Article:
A complete example

This complete example is an extensive showcase of enolib, demonstrating that parsing eno, although more verbose than other formats, has much to offer:

  • Decoupling of the field names the user prefers/understands from the ones a developer wants to use in the code
  • Out of the box localized parser and validation errors that can be directly displayed to a non-technical user
  • Out of the box validation of predefined high-level types (comma_separated, datetime, email, slug and url here)
  • Native API integration of completely custom types (markdown here)
  • Guaranteed data integrity, including prevention of unhandled extra fields
require 'enolib'
require 'enolib/locales'
require 'enotype'
require 'kramdown'

loaders = Enotype.procs(:comma_separated, :datetime, :email, :slug, :url)

loaders[:markdown] = proc { |value| Kramdown::Document.new(value).to_html }

# Makes the .required_xxx_value and .optional_xxx_value methods available below

def read_post(filename)
  input = File.read(filename)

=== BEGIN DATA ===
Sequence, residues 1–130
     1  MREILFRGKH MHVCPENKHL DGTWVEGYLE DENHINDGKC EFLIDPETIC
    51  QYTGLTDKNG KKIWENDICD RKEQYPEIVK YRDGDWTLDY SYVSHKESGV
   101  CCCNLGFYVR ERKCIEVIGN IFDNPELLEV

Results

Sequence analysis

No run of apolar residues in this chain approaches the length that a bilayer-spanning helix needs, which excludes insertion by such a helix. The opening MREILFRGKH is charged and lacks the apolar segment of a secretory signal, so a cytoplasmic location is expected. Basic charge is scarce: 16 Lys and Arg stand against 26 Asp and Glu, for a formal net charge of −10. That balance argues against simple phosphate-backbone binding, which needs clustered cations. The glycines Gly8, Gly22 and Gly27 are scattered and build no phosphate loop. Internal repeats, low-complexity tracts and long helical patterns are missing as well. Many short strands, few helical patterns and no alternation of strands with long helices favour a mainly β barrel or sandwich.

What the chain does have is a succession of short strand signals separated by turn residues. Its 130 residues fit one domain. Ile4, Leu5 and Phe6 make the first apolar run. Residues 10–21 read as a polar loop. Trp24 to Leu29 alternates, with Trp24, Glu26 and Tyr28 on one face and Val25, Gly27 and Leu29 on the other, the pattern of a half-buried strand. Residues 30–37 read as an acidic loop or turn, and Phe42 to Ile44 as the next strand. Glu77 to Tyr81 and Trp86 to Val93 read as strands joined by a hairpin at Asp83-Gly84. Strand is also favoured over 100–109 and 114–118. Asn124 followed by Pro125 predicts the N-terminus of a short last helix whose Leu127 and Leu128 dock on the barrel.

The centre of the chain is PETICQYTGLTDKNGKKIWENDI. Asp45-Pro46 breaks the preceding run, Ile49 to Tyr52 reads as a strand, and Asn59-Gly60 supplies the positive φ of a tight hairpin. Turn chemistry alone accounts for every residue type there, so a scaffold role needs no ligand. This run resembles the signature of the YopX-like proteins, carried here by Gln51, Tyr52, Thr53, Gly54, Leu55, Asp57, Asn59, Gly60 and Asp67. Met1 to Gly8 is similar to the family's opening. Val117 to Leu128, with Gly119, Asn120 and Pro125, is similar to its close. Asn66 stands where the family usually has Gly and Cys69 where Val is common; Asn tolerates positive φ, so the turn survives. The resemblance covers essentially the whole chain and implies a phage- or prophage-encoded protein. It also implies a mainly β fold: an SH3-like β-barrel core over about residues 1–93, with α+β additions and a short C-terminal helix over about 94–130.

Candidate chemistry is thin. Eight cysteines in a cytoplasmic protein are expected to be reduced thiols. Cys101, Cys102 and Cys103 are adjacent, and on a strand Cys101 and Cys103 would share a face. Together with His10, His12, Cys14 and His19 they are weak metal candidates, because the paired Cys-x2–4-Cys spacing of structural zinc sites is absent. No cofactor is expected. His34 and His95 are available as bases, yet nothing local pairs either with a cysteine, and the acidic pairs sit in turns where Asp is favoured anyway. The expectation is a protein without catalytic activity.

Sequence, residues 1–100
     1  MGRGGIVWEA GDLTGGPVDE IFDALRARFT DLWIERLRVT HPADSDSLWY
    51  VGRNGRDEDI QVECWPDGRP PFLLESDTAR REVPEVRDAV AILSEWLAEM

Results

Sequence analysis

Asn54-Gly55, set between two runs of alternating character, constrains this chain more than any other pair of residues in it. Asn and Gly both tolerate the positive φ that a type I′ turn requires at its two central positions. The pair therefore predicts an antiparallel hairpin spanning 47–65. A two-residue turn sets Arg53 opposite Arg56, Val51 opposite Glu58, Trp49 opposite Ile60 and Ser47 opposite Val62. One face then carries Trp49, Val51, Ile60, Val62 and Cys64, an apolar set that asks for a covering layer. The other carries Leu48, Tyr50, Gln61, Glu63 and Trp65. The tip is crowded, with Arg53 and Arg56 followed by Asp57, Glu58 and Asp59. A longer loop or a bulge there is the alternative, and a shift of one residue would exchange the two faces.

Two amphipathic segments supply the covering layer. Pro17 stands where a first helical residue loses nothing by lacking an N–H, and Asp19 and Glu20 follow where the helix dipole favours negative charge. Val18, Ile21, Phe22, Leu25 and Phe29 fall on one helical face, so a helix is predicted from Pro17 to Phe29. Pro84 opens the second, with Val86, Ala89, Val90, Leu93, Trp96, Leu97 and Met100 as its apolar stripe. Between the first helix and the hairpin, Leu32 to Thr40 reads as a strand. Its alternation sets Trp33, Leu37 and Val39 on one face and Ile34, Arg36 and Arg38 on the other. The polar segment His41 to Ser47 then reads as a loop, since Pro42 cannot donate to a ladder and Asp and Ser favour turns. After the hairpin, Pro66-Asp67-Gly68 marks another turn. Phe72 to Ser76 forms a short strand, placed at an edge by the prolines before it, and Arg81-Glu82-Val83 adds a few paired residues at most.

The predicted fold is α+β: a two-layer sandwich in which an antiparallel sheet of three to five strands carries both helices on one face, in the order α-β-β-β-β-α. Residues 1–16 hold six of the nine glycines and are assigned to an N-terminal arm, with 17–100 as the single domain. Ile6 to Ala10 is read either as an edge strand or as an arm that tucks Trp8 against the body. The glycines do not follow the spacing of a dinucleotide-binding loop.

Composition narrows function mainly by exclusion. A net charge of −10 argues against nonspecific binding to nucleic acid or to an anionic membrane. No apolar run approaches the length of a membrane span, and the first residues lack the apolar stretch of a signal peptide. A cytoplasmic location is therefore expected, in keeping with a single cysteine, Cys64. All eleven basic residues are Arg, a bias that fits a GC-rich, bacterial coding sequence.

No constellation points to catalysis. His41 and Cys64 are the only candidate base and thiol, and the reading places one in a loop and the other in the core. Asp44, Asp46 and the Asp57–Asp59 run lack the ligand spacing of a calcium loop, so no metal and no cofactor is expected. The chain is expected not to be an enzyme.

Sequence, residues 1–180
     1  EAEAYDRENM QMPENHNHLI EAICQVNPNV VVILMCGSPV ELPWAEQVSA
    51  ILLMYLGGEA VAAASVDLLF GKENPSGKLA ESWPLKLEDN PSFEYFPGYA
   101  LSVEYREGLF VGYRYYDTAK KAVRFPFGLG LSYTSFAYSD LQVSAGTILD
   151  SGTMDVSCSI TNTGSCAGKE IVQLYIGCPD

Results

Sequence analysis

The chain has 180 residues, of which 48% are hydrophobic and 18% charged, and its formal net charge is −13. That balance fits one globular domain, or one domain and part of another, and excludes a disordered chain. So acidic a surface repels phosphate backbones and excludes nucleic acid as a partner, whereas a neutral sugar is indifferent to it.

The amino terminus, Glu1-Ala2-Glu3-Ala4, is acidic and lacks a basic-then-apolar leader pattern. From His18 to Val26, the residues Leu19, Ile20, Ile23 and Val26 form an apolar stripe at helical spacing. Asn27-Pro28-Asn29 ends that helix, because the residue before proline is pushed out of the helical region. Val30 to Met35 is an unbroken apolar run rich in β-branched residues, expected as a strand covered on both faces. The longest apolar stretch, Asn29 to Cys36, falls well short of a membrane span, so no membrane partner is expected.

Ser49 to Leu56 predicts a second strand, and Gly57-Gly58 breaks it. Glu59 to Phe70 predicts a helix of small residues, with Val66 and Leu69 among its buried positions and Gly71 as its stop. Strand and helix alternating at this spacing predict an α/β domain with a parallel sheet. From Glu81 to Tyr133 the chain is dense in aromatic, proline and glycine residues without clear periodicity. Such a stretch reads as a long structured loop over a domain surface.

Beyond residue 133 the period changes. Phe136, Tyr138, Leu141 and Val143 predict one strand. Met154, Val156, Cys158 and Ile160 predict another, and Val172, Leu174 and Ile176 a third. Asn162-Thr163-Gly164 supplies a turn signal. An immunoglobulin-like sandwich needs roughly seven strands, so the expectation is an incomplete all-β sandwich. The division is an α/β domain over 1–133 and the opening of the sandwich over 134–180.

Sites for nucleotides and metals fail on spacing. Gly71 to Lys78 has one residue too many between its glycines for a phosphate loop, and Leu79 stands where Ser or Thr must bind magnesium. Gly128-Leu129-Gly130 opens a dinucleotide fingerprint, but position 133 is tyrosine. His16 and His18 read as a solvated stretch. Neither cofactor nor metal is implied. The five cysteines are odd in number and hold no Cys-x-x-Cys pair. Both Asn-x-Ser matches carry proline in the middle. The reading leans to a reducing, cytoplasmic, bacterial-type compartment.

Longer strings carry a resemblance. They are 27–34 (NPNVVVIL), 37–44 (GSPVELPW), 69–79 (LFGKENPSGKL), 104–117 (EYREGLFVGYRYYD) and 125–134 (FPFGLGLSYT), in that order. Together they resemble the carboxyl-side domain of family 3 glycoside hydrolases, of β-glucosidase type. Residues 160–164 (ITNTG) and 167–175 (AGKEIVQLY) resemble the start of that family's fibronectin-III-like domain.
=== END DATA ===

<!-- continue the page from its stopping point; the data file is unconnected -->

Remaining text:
document = Enolib.parse(input, locale: Enolib::Locales::De, source: filename)
  author = document.fieldset('Verfasser')
  post = {
    author: {
      name: author.entry('Name').required_string_value,
      email: author.entry('Email').optional_email_value,
      website: author.entry('Website').optional_url_value
    title: document.field('Titel').required_string_value,
    date: document.field('Veröffentlicht').required_datetime_value,
    permalink: document.field('Permalink').required_slug_value,
    abstract: document.field('Abstract').optional_markdown_value,
    body: document.field('Text').required_markdown_value,
    tags: document.field('Tags').required_comma_separated_values

  # Throws an error when there are unhandled, mis-typed or unneeded fields in the document


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